Shane Wright provided the Seattle Kraken with an unexpected boost in fortune when his name was still available at fourth overall in the 2022 NHL Entry Draft.
The Kraken got their man and got potentially a significant piece of their future.
Now it looks like Seattle may get him all season long.
General manager Ron Francis, originally non-committal but hinting at Wright’s inside track to make the Kraken opening night roster at age 18, removed almost all doubt on Wednesday when he told Pierre LeBrun of The Athletic Wright is likely to make the team and stay in the NHL all season.
“I don’t want to draw a line in the sand, but I would think he’s with us for the year,” Francis told The Athletic.
There are only two options for the potential star center at this point – either stay with the Kraken or go back to the Ontario Hockey League with the Kingston Frontenacs (even after nine NHL games) for another season after a dominating 94-point campaign last year. Due to bylaws in an agreement between the NHL and Canadian Hockey League (the overall governing body of three major junior leagues), Wright cannot play in the minor leagues until he is 20 years old. The NCAA does not view the major junior level with “amateur” status, so he is ineligible to play college hockey.
So, the question heading into training camp: how would Wright – at an age where it’s extremely abnormal for a majority of players to make the straight jump from the major junior level to the NHL – make the transition?
“He’s fit right in,” said Francis to The Athletic.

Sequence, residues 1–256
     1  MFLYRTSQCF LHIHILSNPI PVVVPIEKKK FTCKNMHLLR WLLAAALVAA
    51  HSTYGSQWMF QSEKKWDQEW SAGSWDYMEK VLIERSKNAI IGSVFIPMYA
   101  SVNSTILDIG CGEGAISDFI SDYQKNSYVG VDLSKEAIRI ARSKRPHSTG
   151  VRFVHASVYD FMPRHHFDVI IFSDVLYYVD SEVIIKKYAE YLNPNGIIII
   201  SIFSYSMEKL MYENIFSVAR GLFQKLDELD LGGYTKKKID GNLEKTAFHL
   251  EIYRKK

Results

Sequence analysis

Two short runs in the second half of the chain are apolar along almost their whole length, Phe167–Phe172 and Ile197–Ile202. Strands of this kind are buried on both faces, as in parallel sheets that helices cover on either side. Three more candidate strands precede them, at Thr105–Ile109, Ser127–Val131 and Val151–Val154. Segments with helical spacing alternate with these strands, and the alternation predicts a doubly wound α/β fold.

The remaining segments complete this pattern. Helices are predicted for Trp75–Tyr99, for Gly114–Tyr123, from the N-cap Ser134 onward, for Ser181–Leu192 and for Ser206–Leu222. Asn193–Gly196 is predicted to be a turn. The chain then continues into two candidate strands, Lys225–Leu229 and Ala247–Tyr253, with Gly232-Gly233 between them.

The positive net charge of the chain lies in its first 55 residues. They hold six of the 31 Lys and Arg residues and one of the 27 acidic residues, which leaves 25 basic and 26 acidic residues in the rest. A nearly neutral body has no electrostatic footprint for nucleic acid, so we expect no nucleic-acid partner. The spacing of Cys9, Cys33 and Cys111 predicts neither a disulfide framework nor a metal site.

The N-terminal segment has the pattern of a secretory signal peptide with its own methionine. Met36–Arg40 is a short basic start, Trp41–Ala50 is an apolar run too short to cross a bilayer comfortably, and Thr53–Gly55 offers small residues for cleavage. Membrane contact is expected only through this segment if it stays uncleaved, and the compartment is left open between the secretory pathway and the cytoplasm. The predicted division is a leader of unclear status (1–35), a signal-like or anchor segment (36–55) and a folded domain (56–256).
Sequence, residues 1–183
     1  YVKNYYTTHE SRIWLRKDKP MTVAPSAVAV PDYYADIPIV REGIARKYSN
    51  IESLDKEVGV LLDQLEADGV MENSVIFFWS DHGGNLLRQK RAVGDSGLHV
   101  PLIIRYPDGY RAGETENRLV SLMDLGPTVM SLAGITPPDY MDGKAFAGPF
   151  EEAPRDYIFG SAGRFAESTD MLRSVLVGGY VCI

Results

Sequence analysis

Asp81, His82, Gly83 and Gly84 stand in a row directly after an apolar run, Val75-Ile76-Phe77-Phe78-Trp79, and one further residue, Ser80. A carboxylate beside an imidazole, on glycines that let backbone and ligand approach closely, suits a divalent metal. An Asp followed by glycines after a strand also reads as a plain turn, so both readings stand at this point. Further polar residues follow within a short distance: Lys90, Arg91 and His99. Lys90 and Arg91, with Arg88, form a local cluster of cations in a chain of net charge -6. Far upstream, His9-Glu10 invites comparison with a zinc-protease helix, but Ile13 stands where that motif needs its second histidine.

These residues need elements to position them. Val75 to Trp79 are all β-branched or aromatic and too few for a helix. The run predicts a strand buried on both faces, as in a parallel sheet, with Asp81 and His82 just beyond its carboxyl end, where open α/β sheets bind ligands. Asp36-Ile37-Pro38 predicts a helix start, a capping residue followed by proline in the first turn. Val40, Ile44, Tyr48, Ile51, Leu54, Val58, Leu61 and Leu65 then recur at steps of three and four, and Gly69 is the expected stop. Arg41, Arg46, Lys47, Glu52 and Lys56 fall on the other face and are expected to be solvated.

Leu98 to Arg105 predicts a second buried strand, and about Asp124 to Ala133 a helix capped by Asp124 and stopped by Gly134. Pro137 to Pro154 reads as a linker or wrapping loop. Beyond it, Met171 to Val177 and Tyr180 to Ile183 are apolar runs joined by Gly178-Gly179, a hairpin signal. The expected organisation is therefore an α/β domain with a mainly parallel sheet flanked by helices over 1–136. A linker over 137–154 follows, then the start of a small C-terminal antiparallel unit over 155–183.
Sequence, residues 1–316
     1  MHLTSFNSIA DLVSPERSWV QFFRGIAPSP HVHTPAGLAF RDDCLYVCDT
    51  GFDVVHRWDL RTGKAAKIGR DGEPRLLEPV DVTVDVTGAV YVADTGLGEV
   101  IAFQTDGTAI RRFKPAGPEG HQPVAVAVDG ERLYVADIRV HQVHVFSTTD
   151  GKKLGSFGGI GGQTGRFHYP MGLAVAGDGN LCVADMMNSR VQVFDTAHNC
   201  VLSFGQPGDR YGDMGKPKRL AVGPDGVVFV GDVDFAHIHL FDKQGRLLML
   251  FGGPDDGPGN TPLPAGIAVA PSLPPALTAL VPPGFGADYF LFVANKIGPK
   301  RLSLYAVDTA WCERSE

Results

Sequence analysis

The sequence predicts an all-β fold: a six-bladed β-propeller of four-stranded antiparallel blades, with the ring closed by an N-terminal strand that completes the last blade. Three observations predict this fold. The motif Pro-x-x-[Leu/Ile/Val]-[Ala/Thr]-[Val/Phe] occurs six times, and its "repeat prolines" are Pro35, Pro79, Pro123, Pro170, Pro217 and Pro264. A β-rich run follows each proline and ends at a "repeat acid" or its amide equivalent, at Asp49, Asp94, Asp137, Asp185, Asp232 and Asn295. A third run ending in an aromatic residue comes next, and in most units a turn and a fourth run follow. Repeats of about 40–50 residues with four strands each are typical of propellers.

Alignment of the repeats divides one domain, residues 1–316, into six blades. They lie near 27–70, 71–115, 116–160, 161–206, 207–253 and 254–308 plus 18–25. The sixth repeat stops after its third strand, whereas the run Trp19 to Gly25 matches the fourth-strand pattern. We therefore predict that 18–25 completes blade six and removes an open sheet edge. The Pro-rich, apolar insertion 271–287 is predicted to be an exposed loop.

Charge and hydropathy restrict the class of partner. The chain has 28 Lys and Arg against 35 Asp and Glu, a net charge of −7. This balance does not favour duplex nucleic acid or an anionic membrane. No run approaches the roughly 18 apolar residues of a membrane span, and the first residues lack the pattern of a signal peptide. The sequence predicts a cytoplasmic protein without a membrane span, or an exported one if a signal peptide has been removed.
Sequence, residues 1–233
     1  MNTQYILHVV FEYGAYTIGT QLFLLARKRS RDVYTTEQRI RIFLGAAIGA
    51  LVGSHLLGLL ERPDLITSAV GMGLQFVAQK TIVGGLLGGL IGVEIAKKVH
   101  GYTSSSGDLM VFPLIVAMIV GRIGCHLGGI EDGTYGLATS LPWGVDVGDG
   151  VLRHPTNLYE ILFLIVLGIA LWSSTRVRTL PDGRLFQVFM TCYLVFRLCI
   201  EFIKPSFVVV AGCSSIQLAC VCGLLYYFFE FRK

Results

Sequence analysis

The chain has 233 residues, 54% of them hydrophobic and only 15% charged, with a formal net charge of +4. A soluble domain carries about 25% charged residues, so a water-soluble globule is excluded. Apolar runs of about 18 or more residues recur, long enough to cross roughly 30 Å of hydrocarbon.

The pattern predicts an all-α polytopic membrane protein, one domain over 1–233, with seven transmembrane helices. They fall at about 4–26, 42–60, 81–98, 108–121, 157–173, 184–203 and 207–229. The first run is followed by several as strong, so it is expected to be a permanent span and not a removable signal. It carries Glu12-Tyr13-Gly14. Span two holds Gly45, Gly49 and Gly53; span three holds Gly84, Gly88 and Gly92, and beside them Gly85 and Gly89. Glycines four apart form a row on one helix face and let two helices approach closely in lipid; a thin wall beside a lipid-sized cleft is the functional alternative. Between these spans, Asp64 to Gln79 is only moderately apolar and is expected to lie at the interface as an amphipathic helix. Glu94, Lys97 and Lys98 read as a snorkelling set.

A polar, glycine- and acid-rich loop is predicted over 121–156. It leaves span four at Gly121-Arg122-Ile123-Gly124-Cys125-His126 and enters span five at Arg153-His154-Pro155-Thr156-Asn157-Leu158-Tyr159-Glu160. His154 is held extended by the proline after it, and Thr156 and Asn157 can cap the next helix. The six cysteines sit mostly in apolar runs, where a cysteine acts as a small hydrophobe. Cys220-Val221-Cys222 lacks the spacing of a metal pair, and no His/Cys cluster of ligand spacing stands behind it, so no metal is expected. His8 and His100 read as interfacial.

Very likely, Seattle is close to the dawn of a new 1-2 punch. Center Matty Beniers, drafted second overall a year before Wright, had nine points in his first ten NHL games after leaving college, and looks every bit the part of a young forward primed to contend for the Calder Trophy with three goals in three pre-season games.
Armed with a physique that is beyond his current age, Wright has drawn attention with the Kraken, who are 4-1 in the pre-season, for his confidence with the puck, aptitude in the offensive zone, and ability to generate scoring chances.
According to analytics source naturalstattrick.com, Wright in the preseason is operating at an expected goals for percentage rate of 56 percent, a metric used to interpret shot quality (a general rule of thumb: anything over 50 percent is good).
He has one assist in four games, using his shot from the right circle to create a perfect carom off Thatcher Demko in Vancouver to set up a rebound goal for Tye Kartye last Thursday, against a Canucks lineup that was mostly of the NHL squad.
“We didn’t hide him,” head coach Dave Hakstol said after the win of Wright’s assignment.
Nobody as far as Kraken forwards have played more this pre-season than Wright, who has logged 62:10 of total ice time across four games. In Monday night’s loss at Calgary, also against a handful of NHL experience, Wright struggled in the face-off circle at a 2-of-6 clip but also set up Jordan Eberle on a two-on-one that hit the post behind Jacob Markstrom.
After Wright introduced himself to Seattle by signing his entry level contract at center ice with Francis in July at Kraken development camp, he set out on a mission to prepare for the rigors of NHL physicality for the remaining weeks of summer he had use and prepare.
“Things got a little more intense,” Wright told 93.3 KJR. “Stuff after the draft was more small area games and scrimmages with NHL players s much as I could. I think that was something I wanted to add into my off-season work – more of the small area games and getting ready for the compete level and speed I’ll be facing at the next level.”
There is one more pre-season game to go, Friday in Edmonton. Wright did his offseason homework, now close to getting a chance to face his first 82-game test.